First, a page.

Primary Congenital Glaucoma - Glaucoma

Diagnosis

Indications for Testing

  • Cornea clouding – in infant or child
  • Persistent red eye – test family members of affected child for carrier status
  • Carrier screening – for other family members when a causative CYP1B1 mutation is identified
  • Prenatal testing – for at-risk pregnancies in families where the causative CYP1B1 mutations are known

Laboratory Testing

  • CYP1B1 gene sequencing
    • Gene occurrence in congenital glaucoma
      • Familial – 20-100%
      • Nonfamilial – 10-15%
    • Absence of mutations does not necessarily rule out carrier status or the presence of disease

Differential Diagnosis

  • Corneal edema or opacity
  • Corneal enlargement
    • Axial myopia
    • Hereditary megalocornea
    • Keratoglobus
  • Epiphora and red eye
    • Conjunctivitis
    • Corneal abrasion
    • Uveitis
    • Keratitis
  • Photophobia

Clinical Background

Glaucoma is the second leading cause of blindness in the world and the leading cause of blindness among Africans Americans. Primary congenital glaucoma (PCG) is the most common childhood glaucoma. A notable subtype, newborn PCG, may often have the most severe and clinically challenging expression. Mutations in the CYP1B1 gene are responsible for >50% of cases in some populations.

Epidemiology

  • Incidence
    • 1/5,000-20,000 in U.S.
    • 1/2,500 in Middle East
    • 1/1,250 in Slovakian gypsies
  • Prevalence – 4% of childhood blindness attributable to PCG
  • Age – usually recognized by ≤2 years
  • Sex
    • M>F, 3:1 in U.S.
    • M<F, 2:3 in Japan

Inheritance

  • Autosomal recessive inheritance of mutations in the CYP1B1 gene
    • Homozygosity – predictive of disease
    • Heterozygosity – carrier status; carriers are unaffected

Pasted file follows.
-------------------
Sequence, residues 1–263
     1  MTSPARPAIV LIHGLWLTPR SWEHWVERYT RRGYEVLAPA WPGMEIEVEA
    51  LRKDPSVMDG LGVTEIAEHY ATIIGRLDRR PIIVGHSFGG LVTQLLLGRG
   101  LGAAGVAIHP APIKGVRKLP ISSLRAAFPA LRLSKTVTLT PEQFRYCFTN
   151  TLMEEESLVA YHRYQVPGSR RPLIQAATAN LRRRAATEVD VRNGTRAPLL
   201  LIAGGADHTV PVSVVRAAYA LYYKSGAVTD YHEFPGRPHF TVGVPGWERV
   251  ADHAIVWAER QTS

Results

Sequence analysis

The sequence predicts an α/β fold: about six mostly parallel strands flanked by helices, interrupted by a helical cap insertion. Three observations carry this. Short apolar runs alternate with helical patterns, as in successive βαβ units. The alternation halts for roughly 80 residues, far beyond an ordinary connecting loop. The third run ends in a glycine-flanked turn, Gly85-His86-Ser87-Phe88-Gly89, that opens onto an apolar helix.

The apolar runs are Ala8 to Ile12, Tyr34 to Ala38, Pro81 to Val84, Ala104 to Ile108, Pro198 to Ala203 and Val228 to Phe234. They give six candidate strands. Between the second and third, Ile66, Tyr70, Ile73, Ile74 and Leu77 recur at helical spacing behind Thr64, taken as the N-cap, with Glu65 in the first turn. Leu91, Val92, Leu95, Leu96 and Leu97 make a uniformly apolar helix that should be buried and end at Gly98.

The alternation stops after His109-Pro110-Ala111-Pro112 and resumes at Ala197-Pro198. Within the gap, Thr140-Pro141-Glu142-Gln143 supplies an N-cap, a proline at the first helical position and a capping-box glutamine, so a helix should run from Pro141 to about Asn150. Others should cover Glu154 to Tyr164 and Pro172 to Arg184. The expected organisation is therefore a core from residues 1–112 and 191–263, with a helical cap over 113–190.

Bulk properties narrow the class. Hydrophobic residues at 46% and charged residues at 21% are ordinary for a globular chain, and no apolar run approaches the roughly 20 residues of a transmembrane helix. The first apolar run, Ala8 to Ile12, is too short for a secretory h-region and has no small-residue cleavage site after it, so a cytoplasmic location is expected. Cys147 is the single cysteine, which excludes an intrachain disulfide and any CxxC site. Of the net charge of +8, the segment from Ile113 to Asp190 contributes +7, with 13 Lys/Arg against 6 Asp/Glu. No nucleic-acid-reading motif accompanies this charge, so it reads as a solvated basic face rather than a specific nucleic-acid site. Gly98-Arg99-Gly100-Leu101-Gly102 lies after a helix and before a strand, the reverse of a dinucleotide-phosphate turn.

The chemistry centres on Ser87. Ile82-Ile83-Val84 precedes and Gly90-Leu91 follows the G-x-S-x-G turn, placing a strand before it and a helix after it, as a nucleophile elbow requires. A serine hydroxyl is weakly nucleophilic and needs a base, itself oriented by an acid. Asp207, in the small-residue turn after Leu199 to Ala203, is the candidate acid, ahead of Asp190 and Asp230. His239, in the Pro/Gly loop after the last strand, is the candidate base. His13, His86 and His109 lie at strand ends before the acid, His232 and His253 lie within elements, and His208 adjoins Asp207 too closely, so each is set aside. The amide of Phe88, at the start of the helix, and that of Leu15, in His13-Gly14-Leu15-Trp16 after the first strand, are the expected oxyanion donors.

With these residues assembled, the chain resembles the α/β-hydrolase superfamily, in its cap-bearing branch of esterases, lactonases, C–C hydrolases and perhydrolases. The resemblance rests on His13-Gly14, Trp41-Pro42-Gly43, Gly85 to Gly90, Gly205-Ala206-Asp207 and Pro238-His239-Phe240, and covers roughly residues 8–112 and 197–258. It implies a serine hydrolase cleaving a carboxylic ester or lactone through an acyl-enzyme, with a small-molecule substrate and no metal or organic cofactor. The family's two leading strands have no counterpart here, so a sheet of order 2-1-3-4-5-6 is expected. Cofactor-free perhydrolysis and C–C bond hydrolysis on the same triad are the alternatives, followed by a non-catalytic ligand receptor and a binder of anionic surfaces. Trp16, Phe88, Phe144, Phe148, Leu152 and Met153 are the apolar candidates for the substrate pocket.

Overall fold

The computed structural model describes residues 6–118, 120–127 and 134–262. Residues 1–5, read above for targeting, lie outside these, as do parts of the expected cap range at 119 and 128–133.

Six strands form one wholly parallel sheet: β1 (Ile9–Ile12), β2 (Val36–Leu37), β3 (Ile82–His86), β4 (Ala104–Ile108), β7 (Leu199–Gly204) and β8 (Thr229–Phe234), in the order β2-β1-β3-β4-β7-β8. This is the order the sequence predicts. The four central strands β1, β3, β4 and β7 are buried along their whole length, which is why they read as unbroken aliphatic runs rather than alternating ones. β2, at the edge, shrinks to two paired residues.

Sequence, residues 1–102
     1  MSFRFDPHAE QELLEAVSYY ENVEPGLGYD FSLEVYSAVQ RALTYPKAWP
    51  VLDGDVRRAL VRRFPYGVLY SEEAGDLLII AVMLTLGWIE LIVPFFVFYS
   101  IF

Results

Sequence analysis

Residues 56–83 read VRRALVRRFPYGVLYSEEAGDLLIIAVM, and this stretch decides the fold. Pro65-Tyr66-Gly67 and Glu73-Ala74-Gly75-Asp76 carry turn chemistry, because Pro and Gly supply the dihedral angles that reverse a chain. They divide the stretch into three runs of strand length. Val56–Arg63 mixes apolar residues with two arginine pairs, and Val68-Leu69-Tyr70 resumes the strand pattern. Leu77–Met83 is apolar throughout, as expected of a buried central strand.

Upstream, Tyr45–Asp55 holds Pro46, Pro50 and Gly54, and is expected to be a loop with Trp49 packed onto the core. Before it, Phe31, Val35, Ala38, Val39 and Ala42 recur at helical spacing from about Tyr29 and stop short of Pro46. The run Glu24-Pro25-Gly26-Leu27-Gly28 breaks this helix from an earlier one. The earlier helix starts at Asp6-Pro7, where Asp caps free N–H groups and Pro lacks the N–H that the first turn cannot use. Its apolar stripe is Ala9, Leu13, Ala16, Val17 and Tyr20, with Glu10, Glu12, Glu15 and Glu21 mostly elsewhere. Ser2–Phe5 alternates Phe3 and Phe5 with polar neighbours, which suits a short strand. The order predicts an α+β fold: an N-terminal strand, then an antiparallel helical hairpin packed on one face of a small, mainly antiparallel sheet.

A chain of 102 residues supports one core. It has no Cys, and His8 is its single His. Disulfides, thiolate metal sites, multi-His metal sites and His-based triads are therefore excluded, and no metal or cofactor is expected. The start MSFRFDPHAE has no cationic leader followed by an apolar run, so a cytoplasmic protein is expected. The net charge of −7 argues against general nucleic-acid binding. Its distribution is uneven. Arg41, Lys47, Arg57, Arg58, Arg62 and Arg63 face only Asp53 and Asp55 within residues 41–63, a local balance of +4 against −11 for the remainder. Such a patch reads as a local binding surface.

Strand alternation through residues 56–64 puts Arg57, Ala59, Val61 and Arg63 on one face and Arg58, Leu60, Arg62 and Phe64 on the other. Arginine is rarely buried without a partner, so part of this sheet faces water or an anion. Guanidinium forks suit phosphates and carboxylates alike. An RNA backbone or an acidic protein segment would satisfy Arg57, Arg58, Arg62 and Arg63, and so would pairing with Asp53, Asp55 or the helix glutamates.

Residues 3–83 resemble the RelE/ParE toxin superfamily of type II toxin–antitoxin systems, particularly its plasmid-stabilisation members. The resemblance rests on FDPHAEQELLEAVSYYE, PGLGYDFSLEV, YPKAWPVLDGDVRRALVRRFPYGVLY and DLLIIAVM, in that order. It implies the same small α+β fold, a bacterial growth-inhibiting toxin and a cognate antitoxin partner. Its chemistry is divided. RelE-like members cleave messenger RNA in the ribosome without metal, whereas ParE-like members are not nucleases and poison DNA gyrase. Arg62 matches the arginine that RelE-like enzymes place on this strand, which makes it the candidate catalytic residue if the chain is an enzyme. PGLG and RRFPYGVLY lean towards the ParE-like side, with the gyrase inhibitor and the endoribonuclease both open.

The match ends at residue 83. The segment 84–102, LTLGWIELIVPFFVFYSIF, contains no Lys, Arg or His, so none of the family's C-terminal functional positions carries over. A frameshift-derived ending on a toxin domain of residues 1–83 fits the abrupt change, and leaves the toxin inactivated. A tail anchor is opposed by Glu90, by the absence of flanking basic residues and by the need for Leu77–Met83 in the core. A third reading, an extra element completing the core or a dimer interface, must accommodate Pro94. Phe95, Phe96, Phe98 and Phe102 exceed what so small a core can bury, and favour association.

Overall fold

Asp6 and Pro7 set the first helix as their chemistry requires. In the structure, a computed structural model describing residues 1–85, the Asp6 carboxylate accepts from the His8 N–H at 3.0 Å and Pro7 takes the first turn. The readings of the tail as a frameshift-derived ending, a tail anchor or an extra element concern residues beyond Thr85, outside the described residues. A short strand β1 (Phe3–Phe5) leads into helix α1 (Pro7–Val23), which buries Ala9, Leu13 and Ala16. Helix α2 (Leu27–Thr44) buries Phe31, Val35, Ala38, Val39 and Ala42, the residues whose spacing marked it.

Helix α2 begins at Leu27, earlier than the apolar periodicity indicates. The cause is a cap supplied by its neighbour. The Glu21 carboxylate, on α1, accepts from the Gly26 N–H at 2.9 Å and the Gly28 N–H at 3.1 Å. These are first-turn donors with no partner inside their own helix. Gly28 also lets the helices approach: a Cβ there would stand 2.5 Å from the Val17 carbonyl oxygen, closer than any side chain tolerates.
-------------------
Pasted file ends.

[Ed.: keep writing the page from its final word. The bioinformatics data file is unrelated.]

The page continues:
Pathophysiology

  • Abnormality of trabecular meshwork creates an abnormal filtration angle
  • Abnormal angle creates resistance to ocular aqueous outflow
    • Results in increased intraocular pressure

Clinical Presentation

  • Ocular symptoms vary in severity – bilateral 70% of the time
  • Symptoms
    • Photophobia
    • Epiphora
    • Blepharospasm
    • Chronic red or irritated eyes
    • Cloudy/poor vision
  • Signs
    • Globe enlargement and edema
    • Iris and pupillary abnormalities
    • Optic nerve cupping
    • Myopia
    • Corneal opacification
    • Elevated intraocular pressure

Indications for Laboratory Testing

  • Tests generally appear in the order most useful for common clinical situations
  • Click on number for test-specific information in the ARUP Laboratory Test Directory
Test Name and Number Recommended Use Limitations Follow Up
Glaucoma (Primary Congenital), CYP1B1 Sequencing 0051476
Method: Polymerase Chain Reaction/Sequencing

Order to diagnose primary congenital glaucoma

Screen for carrier status

Order for prenatal testing in at-risk pregnancies

Large gene deletions/duplications and deep intronic mutations will not be detected